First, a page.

reference : Development of a regional-scale pollen emission and transport modeling framework for investigating the impact of climate change on allergic airway disease

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reftype Journal Article
Abstract Exposure to bioaerosol allergens such as pollen can cause exacerbations of allergenic airway disease (AAD) in sensitive populations, and thus cause serious public health problems. Assessing these health impacts by linking the airborne pollen levels, concentrations of respirable allergenic material, and human allergenic response under current and future climate conditions is a key step toward developing preventive and adaptive actions. To that end, a regional-scale pollen emission and transport modeling framework was developed that treats allergenic pollens as non-reactive tracers within the WRF/CMAQ air-quality modeling system. The Simulator of the Timing and Magnitude of Pollen Season (STaMPS) model was used to generate a daily pollen pool that can then be emitted into the atmosphere by wind. The STaMPS is driven by species-specific meteorological (temperature and/or precipitation) threshold conditions and is designed to be flexible with respect to its representation of vegetation species and plant functional types (PFTs). The hourly pollen emission flux was parameterized by considering the pollen pool, friction velocity, and wind threshold values. The dry deposition velocity of each species of pollen was estimated based on pollen grain size and density. An evaluation of the pollen modeling framework was conducted for southern California for the period from March to June 2010. This period coincided with observations by the University of Southern California's Children's Health Study (CHS), which included O3, PM2.5, and pollen count, as well as measurements of exhaled nitric oxide in study participants. Two nesting domains with horizontal resolutions of 12 km and 4 km were constructed, and six representative allergenic pollen genera were included: birch tree, walnut tree, mulberry tree, olive tree, oak tree, and brome grasses. Under the current parameterization scheme, the modeling framework tends to underestimate walnut and peak oak pollen concentrations, and tends to overestimate grass pollen concentrations. The model shows reasonable agreement with observed birch, olive, and mulberry tree pollen concentrations. Sensitivity studies suggest that the estimation of the pollen pool is a major source of uncertainty for simulated pollen concentrations. Achieving agreement between emission modeling and observed pattern of pollen releases is the key for successful pollen concentration simulations.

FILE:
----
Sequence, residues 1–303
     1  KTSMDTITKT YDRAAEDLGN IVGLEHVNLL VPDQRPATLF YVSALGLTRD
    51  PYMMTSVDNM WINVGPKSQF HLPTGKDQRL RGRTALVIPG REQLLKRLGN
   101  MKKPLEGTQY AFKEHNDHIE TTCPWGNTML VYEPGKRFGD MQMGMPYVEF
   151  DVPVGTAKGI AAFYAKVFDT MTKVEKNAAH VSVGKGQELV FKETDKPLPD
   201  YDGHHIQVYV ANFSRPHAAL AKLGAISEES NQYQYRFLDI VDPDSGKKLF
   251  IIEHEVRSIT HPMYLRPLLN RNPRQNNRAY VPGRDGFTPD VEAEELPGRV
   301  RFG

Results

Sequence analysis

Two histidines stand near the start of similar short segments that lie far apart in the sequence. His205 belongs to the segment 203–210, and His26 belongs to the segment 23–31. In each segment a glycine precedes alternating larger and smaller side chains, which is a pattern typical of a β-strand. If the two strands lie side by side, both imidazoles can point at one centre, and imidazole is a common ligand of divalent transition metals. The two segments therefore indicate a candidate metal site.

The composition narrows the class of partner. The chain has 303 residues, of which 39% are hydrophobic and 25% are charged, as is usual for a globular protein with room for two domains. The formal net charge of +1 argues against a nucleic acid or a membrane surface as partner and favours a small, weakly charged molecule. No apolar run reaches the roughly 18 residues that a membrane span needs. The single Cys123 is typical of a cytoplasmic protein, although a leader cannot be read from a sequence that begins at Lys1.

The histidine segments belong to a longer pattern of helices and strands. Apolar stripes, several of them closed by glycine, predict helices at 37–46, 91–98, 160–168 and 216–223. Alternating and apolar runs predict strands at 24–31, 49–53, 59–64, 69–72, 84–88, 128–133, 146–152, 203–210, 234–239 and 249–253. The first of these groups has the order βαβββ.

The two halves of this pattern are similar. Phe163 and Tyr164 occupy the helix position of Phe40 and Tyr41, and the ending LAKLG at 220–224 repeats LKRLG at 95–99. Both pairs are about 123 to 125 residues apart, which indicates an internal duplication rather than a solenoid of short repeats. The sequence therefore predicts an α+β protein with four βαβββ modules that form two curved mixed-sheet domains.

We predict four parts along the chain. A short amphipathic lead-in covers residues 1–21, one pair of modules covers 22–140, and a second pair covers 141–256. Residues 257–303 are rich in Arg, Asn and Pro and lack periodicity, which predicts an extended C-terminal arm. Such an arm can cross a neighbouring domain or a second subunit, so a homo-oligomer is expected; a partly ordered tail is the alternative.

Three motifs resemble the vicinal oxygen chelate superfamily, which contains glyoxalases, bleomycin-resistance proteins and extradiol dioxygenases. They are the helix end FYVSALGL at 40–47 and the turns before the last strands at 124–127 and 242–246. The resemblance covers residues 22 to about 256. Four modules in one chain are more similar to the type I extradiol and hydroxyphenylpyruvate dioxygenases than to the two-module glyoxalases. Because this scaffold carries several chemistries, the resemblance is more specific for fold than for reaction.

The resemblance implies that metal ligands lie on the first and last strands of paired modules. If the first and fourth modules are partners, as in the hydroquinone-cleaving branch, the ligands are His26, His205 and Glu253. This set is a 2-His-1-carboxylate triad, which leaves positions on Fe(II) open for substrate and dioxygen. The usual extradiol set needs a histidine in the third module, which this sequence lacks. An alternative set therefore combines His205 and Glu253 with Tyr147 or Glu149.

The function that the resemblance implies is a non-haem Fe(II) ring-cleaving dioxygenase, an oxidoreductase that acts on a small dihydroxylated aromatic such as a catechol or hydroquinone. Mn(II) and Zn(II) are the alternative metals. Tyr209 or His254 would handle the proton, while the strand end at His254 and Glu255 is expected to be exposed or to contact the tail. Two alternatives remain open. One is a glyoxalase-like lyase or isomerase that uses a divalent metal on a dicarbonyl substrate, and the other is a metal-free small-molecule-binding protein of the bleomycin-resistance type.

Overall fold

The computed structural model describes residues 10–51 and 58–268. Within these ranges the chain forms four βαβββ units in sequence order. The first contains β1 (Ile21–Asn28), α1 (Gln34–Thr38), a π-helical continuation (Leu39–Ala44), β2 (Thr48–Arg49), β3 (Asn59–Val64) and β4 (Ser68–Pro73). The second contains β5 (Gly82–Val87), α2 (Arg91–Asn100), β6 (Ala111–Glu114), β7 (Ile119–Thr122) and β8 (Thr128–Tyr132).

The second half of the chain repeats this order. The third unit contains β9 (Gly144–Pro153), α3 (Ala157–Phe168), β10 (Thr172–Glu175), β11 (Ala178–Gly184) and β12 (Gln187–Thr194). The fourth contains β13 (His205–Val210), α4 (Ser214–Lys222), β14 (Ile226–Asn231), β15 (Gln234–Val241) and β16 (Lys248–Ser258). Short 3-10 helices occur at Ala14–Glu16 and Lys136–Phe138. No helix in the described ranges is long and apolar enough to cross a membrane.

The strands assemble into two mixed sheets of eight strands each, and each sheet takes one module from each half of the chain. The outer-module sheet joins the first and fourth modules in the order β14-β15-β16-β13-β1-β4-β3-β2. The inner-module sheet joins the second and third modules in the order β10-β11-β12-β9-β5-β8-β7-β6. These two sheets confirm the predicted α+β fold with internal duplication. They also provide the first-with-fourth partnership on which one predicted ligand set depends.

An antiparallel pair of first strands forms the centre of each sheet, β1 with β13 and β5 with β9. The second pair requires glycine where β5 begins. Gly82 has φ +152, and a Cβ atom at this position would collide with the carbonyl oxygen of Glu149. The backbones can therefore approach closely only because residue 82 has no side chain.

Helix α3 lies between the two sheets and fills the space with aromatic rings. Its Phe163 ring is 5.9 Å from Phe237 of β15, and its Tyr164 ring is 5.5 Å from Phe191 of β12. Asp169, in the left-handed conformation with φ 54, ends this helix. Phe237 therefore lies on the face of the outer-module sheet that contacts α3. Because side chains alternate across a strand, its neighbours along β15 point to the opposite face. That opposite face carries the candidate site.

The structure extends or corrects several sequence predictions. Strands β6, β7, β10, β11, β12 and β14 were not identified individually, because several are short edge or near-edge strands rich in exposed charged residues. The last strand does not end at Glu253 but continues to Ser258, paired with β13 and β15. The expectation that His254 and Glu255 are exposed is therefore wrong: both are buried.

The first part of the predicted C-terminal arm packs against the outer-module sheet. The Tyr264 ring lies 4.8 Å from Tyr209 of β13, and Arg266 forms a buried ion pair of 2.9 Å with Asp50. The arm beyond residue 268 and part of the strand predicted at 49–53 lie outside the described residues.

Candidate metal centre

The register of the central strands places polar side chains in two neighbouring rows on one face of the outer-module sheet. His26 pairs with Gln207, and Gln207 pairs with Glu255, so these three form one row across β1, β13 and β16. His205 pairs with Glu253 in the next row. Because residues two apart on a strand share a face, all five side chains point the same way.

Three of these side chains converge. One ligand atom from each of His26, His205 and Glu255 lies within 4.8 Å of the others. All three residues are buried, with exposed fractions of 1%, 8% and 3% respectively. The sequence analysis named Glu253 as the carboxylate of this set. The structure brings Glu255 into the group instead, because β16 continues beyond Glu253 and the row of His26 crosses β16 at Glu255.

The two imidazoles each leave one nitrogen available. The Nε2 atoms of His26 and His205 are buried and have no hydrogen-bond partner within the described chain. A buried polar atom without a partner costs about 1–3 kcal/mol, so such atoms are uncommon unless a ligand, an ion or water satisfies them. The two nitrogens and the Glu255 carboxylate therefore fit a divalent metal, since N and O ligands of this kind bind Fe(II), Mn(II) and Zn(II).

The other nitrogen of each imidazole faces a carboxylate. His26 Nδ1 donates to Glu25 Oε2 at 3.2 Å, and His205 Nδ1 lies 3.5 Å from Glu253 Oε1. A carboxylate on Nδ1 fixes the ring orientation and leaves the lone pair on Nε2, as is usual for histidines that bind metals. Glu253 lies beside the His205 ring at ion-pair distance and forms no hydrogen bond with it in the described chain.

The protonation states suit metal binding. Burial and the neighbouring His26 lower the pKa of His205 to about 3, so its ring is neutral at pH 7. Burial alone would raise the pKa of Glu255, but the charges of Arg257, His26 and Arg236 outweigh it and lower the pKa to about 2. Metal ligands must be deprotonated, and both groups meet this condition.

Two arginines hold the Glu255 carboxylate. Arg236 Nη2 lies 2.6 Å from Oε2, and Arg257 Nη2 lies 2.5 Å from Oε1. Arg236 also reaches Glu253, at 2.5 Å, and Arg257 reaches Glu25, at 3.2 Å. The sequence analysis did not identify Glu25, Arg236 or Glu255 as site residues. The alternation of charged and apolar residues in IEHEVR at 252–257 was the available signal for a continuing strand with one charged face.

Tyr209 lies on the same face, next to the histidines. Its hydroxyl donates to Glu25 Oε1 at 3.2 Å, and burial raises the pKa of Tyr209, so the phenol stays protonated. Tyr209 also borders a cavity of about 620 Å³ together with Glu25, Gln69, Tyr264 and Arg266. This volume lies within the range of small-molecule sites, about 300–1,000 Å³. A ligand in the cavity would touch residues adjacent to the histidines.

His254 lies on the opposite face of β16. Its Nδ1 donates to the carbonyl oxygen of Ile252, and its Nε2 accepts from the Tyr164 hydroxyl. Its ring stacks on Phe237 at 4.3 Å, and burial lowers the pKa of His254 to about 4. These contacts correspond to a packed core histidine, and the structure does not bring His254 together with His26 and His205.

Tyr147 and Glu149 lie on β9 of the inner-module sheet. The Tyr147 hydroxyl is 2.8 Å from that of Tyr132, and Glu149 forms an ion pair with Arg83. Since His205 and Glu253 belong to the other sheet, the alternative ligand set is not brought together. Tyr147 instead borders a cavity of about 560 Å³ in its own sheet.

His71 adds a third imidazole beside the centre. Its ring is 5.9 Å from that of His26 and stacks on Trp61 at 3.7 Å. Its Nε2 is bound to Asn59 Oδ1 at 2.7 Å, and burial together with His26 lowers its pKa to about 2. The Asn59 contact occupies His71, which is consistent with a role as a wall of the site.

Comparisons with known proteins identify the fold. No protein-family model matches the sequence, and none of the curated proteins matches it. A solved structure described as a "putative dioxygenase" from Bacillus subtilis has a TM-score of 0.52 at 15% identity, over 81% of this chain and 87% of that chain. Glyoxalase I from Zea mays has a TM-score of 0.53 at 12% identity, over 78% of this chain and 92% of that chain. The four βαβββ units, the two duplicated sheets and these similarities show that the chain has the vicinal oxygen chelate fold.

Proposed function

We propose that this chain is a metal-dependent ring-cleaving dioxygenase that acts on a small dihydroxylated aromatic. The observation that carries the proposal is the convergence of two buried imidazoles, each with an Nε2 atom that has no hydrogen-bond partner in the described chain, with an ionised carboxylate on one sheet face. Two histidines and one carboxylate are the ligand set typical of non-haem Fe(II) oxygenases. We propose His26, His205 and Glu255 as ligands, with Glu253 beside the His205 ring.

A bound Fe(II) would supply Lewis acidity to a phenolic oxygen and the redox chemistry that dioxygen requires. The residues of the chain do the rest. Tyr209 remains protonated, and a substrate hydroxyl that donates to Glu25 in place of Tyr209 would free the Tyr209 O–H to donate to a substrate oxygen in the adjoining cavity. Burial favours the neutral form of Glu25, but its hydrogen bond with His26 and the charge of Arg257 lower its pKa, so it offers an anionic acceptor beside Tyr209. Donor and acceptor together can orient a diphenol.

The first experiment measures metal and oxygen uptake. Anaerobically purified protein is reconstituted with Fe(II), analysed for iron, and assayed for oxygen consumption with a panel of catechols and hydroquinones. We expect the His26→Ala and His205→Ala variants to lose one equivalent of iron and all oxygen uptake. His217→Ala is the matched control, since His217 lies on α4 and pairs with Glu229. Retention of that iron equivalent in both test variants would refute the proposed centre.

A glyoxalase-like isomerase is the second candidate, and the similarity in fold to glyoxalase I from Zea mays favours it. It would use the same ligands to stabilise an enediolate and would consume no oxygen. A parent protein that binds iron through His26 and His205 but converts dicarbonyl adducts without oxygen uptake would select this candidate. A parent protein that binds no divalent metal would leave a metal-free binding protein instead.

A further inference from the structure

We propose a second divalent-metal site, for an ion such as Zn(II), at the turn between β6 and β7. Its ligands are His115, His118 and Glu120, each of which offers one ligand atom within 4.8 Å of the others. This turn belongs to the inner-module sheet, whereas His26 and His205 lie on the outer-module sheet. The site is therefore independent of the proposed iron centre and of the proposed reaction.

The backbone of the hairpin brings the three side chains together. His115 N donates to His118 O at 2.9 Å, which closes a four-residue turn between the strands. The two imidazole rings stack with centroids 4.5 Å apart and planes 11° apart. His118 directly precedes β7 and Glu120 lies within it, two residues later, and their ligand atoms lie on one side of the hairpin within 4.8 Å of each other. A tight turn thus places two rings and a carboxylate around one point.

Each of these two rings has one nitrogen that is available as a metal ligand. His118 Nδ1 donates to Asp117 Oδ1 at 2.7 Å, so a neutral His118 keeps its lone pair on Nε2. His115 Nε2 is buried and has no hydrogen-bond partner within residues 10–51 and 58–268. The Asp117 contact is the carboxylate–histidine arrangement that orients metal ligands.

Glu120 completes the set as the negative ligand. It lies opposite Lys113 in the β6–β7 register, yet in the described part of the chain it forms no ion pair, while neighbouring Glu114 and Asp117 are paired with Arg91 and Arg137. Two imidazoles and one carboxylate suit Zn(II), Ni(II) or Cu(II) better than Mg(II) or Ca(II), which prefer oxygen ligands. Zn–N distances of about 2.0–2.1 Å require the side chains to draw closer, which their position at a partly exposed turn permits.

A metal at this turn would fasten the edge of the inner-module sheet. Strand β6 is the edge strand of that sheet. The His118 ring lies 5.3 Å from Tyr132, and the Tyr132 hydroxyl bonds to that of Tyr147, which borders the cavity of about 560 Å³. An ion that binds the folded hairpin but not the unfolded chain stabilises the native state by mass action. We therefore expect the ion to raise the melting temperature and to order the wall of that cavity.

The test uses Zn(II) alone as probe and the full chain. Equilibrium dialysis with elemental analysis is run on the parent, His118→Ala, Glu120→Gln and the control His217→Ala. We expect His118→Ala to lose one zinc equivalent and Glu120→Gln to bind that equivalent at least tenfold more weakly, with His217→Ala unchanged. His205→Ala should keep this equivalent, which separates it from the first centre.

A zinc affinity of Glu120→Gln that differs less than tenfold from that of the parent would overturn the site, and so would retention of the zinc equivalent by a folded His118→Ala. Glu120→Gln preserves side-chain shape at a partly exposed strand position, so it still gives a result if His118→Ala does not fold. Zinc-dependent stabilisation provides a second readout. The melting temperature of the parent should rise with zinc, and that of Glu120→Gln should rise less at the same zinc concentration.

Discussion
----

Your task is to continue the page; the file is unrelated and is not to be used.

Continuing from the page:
Author Zhang, R.; Duhl, T.; Salam, M. T.; House, J. M.; Flagan, R. C.; Avol, E. L.; Gilliland, F. D.; Guenther, A.; Chung, S. H.; Lamb, B. K.; VanReken, T. M.
DOI 10.5194/bgd-10-3977-2013
Date Mar 1
ISSN 1726-4189
Issue 3
Journal Biogeosciences
Language Eng
Notes Zhang, Rui Duhl, Tiffany Salam, Muhammad T House, James M Flagan, Richard C Avol, Edward L Gilliland, Frank D Guenther, Alex Chung, Serena H Lamb, Brian K VanReken, Timothy M P30 ES007048/ES/NIEHS NIH HHS/United States Journal article Biogeosciences. 2013 Mar 1;10(3):3977-4023.
Pages 3977-4023
Title Development of a regional-scale pollen emission and transport modeling framework for investigating the impact of climate change on allergic airway disease
Volume 10
Year 2013
Bibliographic identifiers
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_record_number 18577
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